March 25, 2014
Mark Halperin, co-author of “Double Down: Game Change 2012,” swings by the Hill Center (921 Pennsylvania Ave. NE) Wednesday in a rescheduled Roll Call Book Club event that was snowed out last month.
Co-hosted by our partners at Hooks Books, the festivities get under way at 6 p.m. with some adult beverages and nosh, and our discussion with Halperin about the 2012 race, and possibly the 2016 one, will get started around 6:15 p.m. He’ll be on hand to sign some copies of the book until around 7:30 p.m.
Come hungry, thirsty and curious. Free copies of the book are available while supplies last.
March 17, 2014
PHOENIX — Monday’s snow is a reminder of why Major League Baseball long ago decamped for Arizona and Florida for its spring training schedule. With snow on the ground in Washington, Opening Day seems a long way away on the East Coast.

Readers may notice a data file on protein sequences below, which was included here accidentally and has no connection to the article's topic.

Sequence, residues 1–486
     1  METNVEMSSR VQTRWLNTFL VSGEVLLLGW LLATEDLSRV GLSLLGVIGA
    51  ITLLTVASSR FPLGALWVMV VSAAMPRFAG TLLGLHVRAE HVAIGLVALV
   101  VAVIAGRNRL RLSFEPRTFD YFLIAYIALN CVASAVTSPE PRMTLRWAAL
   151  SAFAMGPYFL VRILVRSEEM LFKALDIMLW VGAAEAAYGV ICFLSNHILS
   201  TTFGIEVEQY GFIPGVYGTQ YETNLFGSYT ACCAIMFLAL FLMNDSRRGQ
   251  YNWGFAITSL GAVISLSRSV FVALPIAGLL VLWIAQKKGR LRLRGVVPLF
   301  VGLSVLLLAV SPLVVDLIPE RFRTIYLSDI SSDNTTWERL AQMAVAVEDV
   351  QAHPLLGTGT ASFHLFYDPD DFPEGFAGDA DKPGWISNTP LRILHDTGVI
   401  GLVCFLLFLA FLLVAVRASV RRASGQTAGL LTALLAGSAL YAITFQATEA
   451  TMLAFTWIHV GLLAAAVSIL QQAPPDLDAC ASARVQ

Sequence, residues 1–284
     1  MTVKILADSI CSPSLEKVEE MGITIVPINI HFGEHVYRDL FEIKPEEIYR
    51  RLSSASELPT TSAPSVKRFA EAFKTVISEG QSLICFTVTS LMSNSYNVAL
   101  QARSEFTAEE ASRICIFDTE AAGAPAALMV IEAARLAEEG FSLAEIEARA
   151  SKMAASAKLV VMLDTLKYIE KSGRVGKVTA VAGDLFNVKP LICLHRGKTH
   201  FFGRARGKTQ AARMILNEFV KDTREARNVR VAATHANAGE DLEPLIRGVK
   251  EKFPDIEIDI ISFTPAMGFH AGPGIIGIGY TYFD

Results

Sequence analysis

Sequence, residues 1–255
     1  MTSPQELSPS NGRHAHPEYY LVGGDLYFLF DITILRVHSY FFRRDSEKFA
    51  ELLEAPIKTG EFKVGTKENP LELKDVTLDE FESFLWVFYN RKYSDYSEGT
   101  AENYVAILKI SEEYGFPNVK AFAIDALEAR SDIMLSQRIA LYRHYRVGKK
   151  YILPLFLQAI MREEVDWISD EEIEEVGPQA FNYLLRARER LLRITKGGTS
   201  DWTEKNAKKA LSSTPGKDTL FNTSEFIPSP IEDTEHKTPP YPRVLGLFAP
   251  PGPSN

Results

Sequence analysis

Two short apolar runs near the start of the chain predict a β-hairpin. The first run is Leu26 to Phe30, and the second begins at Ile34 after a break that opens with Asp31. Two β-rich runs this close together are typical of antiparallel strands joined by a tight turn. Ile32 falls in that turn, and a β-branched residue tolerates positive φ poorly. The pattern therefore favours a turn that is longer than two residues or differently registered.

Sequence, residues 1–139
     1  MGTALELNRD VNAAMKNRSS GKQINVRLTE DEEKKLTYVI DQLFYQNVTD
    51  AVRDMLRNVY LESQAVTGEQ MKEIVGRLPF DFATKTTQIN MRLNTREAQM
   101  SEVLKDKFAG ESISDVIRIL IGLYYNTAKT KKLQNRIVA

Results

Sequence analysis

Here in the Valley of the Sun, teams are starting to make preparations to return to their home cities — or Australia for the season opener in the case of the Arizona Diamondbacks and Los Angeles Dodgers — but there are still plenty of exhibition/tune-up games to go, including at Roll Call After Dark’s favorite locale, Phoenix Municipal Stadium, where the Oakland A’s have long made their springtime home.
But if you’re not fortunate enough to be soaking in the rays in Arizona or Florida, there’s still plenty to do in Washington, even as it throws off the last vestiges of winter storming. Full story